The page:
There's nothing much in the mailbox these days since bill paying has gone online and such. There are the usual bills with personal notes and sometimes interest from my friends who trusted enough to let me live on credit. There's a dentist and a hand surgeon, and of course......the propane guy. When I think of how much money I've spent over the years in this house just to heat and cool it, I wonder what I was thinking. The insulation is non-existent with cheap vinyl siding, circa 1988 slapped up and blown off by the westerly winds that howl through the pine trees in the winter. Some of the walls are still papered with the expensive stuff daddy let me pick out for the conversion from "old man whose wife has been dead for ten years" to struggling family with a four year old who needs a dose of country. There was carpet and there was lots of power drills installing mini-blinds on moving day. That was in April of 1988. My history with this house began much earlier.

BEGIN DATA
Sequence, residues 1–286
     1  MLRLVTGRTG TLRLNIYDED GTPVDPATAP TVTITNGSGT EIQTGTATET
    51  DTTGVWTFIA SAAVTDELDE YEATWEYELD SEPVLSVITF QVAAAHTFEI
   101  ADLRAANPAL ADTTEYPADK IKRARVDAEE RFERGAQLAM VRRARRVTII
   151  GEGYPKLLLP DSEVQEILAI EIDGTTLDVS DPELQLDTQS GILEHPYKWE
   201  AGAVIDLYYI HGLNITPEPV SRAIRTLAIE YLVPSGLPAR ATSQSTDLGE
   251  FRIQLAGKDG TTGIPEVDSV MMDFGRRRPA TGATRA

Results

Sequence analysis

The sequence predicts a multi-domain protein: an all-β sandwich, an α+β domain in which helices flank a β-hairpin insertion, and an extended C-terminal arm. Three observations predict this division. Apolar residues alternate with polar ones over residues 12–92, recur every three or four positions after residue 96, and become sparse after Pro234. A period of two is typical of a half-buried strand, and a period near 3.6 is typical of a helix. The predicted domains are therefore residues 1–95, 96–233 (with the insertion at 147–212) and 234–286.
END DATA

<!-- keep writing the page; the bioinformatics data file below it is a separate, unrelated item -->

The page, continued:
I picked one thing out from the three envelopes, one from the AARP and the other from my used to be federal credit union with an offer to sign up for some reduced rate life insurance. I think they're afraid I'm gonna die before they get their payback. Me...cynical? Hell no. The last envelope contained a pretty piece of paper telling me how much I can draw at normal retirement age, which is pretty iffy right now. There is about 28K in company contributed funds to which I have no access except to take a four hundred buck cut according to my life expectancy. Yeah...like 250 a month will help float THIS boat. That was part of the American dream back then..invest it all and play the market. Even if you're non-profit, it can pay in the long run. But that was then, and this is now. I'm gonna cash in and take my chances.
Mom and Dad will, more than likely, get their stipends from the feds tomorrow because the game of chicken turned into a mighty 'nother deadline. There are certain things that will determine the outcome of this crisis, namely the willingness of both rich and poor to step up to the plate and do the best you can for our communities. Like youknowwho said...it takes a village.